Frequently Asked Questions

WHAT IS THE LEAGUE OF INNOVATORS?

League of Innovators (LOI) is a national Canadian charity with a goal of building entrepreneurial acumen for youth 15-25 years old, at scale. League of Innovators is a suite of accessible programs and tools to provide youth educational experiences that shorten their path to success, empower their ability to be their own boss, and amplify their impact as future innovators and entrepreneurs. From discovery to acceleration, we are mobilizing the next generation of entrepreneurs to build the businesses of tomorrow today. We are building entrepreneurial acumen from the ground up.  

 

WHO IS INVOLVED? 

The League of Innovators was founded by Ryan Holmes, the CEO and founder of Hootsuite. He serves as board chair and is joined by John Ruffolo, Marc Kielburger, Chad Bayne,  Manny Padda, Manu Goswami. Learn more about our Board here. We are proud to be partnering with leading companies including Shaw Communications, Hootsuite, Royal Bank of Canada, Flight Centre Corporate Traveller, Ernst & Young, SAP, Microsoft Canada, Osler, Thinkific and Einstein Company. Learn more about our partners here.

 

WHERE ARE PROGRAMS OFFERED? 

The League of Innovators is a national charity and our programs are offered to youth online andin person. Our live and in-person programs and events are currently being offered in Vancouver, Calgary and Toronto with expansion to Ottawa and Victoria planned for 2018. Our aim is to be across the country in every province in 3 years, and perhaps some extra special events in additional cities across North America.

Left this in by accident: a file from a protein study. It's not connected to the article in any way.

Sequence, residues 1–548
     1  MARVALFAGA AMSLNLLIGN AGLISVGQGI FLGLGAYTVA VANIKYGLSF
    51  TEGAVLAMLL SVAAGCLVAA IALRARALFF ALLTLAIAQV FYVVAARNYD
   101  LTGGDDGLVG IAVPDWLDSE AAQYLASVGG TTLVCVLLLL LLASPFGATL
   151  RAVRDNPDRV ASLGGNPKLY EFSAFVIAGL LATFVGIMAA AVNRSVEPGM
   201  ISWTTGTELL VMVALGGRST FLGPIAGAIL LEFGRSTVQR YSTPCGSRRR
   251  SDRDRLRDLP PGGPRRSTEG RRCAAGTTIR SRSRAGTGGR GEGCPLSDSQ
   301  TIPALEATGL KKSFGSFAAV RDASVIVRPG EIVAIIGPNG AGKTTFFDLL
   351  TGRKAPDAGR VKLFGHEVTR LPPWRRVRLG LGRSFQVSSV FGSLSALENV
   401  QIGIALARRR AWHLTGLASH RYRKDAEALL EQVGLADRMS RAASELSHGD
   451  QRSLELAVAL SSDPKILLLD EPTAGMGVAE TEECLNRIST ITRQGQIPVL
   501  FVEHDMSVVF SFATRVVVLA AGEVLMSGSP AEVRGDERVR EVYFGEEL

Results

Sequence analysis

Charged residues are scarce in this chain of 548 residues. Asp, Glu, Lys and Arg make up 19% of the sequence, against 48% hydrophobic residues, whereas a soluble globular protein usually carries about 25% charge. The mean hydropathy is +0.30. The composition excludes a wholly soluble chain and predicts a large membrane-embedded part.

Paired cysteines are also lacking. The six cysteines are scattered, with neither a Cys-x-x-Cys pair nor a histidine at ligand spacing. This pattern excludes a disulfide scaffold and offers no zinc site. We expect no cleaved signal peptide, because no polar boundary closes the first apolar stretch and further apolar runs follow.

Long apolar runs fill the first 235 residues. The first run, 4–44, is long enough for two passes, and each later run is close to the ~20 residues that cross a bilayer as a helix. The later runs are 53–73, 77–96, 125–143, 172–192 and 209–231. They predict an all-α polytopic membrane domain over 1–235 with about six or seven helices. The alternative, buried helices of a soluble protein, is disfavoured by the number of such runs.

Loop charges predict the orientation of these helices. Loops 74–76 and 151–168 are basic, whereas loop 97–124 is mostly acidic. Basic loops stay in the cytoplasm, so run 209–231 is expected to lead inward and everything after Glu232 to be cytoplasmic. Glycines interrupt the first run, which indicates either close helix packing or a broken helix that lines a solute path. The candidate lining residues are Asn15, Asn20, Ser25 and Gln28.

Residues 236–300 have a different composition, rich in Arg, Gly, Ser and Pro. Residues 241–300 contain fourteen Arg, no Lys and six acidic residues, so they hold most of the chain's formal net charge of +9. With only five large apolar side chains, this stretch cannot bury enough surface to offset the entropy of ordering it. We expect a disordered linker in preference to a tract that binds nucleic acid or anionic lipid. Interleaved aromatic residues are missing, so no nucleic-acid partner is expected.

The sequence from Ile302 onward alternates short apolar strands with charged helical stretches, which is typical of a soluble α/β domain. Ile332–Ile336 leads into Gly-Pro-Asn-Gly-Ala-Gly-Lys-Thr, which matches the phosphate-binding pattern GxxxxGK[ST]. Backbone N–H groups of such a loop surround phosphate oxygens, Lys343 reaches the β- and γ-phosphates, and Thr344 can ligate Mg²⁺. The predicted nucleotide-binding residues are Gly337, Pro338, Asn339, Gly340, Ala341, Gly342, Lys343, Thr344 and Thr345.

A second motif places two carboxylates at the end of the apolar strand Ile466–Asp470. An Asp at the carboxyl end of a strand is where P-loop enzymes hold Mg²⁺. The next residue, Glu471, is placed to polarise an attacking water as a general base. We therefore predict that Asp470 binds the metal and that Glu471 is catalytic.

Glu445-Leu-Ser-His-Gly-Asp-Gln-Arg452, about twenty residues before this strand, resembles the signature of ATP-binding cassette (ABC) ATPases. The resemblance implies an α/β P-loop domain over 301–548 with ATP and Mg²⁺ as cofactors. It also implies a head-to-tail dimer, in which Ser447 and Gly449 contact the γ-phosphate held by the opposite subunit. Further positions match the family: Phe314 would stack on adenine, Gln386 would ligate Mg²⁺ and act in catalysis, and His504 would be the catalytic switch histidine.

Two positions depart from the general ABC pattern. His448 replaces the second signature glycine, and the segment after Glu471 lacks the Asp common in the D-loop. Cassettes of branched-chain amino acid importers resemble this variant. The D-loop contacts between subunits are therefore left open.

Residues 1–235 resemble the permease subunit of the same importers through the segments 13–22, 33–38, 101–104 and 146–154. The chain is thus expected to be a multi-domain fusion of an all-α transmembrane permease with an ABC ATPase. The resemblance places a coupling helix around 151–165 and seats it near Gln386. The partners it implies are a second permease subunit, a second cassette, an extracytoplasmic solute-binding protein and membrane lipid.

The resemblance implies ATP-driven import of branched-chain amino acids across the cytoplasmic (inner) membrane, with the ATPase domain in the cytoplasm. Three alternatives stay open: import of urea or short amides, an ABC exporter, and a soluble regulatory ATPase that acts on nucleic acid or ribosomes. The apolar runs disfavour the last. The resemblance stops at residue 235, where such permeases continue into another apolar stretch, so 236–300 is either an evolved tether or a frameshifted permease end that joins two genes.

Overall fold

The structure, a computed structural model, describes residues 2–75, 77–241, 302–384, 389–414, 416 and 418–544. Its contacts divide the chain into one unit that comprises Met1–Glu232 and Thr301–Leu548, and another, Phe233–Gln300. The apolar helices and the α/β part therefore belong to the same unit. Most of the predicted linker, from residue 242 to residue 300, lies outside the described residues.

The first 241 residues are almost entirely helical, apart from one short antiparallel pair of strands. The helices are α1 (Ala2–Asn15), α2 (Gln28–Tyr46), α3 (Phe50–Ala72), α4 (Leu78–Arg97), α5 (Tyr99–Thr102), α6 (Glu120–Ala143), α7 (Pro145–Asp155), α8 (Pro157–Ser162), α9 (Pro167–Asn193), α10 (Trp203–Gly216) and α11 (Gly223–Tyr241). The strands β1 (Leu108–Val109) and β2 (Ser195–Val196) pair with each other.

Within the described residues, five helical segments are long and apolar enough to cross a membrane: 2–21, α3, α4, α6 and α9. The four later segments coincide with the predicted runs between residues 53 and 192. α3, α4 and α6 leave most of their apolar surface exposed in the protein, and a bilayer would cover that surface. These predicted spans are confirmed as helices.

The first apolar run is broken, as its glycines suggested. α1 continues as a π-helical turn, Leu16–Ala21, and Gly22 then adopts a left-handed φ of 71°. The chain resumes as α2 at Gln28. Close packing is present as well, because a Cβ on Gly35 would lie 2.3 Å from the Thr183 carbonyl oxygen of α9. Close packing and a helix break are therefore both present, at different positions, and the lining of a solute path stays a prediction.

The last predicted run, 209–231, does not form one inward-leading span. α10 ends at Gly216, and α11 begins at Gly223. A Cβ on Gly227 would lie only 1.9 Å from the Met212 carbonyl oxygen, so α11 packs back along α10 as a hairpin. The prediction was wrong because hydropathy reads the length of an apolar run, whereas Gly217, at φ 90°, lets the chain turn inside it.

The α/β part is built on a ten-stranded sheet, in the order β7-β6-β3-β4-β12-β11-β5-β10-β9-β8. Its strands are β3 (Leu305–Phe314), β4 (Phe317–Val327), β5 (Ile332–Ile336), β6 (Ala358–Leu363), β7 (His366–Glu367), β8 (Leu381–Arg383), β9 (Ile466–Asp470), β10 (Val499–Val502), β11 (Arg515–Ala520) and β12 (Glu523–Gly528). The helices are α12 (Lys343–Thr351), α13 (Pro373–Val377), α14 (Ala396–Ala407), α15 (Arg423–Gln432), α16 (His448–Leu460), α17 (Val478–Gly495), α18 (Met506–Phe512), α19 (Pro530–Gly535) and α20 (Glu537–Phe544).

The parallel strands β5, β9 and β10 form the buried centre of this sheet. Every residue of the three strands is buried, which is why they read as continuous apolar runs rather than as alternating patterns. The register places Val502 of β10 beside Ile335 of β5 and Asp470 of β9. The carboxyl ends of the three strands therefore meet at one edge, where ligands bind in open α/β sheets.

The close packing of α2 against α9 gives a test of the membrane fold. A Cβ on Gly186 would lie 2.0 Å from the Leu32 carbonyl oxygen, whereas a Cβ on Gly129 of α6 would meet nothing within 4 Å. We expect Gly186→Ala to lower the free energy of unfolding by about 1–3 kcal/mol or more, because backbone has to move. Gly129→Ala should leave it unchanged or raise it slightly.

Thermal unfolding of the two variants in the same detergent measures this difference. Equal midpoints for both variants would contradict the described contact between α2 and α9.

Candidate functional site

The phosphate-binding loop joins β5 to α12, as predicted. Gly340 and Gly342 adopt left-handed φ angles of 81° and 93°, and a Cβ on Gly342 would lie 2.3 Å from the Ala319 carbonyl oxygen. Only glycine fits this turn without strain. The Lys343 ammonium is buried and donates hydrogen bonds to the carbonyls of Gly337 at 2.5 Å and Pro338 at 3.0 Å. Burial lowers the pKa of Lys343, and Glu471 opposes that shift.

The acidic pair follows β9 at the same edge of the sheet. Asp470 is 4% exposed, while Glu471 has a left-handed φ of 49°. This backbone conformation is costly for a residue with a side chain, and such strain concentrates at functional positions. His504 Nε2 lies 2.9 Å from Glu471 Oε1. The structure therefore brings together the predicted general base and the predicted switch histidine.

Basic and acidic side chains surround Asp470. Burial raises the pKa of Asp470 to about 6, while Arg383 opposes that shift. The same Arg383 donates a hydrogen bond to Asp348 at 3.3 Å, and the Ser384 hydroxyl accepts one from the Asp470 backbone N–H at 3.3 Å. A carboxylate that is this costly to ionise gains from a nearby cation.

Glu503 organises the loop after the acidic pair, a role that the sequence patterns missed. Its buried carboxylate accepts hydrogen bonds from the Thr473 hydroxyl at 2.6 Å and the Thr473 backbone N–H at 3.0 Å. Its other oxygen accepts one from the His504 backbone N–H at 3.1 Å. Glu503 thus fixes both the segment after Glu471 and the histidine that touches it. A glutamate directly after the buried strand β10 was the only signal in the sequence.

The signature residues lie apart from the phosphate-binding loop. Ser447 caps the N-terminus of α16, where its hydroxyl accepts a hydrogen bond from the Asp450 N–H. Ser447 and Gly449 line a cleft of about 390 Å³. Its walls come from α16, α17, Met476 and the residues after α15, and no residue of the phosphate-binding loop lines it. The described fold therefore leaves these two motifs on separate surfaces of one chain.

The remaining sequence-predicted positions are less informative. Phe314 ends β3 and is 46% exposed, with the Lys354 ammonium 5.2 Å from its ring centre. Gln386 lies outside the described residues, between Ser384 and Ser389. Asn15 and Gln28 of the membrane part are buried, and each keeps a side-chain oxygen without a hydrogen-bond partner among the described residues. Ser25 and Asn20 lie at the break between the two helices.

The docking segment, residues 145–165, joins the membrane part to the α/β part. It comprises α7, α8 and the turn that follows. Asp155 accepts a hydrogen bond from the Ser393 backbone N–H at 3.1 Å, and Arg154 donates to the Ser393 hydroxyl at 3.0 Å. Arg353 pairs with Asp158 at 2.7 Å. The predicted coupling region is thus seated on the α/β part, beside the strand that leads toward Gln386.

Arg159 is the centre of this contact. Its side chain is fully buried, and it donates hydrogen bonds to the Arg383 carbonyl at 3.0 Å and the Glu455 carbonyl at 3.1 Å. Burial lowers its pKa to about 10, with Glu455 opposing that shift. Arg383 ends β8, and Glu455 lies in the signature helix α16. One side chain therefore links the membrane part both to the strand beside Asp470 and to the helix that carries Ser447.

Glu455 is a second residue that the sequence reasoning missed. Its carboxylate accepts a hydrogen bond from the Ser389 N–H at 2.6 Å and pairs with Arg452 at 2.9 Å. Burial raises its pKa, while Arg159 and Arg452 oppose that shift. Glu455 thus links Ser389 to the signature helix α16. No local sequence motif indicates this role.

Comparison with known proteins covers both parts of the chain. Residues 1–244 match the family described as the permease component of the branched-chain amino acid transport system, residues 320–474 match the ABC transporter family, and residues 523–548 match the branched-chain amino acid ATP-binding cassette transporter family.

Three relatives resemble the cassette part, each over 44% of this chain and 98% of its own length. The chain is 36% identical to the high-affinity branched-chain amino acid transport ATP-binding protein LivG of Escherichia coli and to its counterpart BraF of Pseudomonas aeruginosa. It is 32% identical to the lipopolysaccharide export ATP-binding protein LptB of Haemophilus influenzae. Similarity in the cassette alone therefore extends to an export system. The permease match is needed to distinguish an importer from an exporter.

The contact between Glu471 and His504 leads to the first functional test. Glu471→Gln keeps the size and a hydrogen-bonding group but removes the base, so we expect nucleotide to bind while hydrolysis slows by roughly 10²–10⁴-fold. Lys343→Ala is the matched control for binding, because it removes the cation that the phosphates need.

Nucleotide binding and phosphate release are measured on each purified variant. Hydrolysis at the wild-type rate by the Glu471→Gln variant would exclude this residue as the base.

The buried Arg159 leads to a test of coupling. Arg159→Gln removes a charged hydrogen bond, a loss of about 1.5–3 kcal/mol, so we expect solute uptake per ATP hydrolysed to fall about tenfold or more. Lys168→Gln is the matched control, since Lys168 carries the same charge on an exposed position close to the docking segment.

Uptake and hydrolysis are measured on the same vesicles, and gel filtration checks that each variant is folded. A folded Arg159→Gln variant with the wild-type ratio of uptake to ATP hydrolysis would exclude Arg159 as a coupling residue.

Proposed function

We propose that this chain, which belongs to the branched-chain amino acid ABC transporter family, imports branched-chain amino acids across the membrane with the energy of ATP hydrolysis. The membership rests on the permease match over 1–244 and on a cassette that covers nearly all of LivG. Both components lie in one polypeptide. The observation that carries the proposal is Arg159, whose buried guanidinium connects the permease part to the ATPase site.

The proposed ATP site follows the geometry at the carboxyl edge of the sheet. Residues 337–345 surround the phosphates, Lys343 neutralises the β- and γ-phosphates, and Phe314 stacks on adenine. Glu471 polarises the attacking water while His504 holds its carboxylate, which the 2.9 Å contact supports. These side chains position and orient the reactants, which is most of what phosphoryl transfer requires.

WHY IS YOUNG ENTREPRENEUR EDUCATION IMPORTANT? 

Entrepreneurial education is becoming exceedingly more important in the 21st century economy. Doing and excelling at business requires visionary leadership and a suite of intra-preneurs to lead disruption and innovation. As over 85% of Canada’s economy is SMEs, we are a country built on entrepreneurship. This combined with over 45% of youth under 25 under or unemployed, LOI recognizes the opportunity for the next generation. 

We believe that entrepreneur education provides three Es: providing equality, providing free education in entrepreneurship means youth across the country in both urban and rural and remote regions can access education to help change their career trajectory and their communities; providing empowerment, giving youth the confidence to lead innovation, and finally growing economy meaning our youth can provide real solutions to real problems, building businessesand economy and strengthening our communities.

 

IS THERE A COST FOR THE PROGRAMS? 

Thanks to generous program partners, our offerings are available at no cost to participants. Our aim is to ensure no student is denied access to our entrepreneurship if they are interested 

 

HOW CAN YOUNG PEOPLE GET INVOLVED? 

  • If you are between the ages of 15 and 25 you can get involved with League of Innovators in several different ways. 
  • If you are curious to explore entrepreneurship and innovation, please check out our online sessions at www.theleagueofinnovators.com/onlinesessions.